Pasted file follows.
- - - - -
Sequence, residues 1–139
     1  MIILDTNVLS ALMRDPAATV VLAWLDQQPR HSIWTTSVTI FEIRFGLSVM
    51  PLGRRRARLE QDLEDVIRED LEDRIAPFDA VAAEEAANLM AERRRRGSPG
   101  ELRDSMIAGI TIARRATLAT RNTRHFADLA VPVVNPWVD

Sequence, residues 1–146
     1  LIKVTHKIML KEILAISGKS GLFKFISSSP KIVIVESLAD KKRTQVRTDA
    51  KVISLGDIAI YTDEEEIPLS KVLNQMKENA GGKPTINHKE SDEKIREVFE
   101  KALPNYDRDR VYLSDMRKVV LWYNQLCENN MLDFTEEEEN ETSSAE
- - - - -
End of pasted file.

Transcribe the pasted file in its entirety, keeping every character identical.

Sequence, residues 1–139
     1  MIILDTNVLS ALMRDPAATV VLAWLDQQPR HSIWTTSVTI FEIRFGLSVM
    51  PLGRRRARLE QDLEDVIRED LEDRIAPFDA VAAEEAANLM AERRRRGSPG
   101  ELRDSMIAGI TIARRATLAT RNTRHFADLA VPVVNPWVD

Sequence, residues 1–146
     1  LIKVTHKIML KEILAISGKS GLFKFISSSP KIVIVESLAD KKRTQVRTDA
    51  KVISLGDIAI YTDEEEIPLS KVLNQMKENA GGKPTINHKE SDEKIREVFE
   101  KALPNYDRDR VYLSDMRKVV LWYNQLCENN MLDFTEEEEN ETSSAE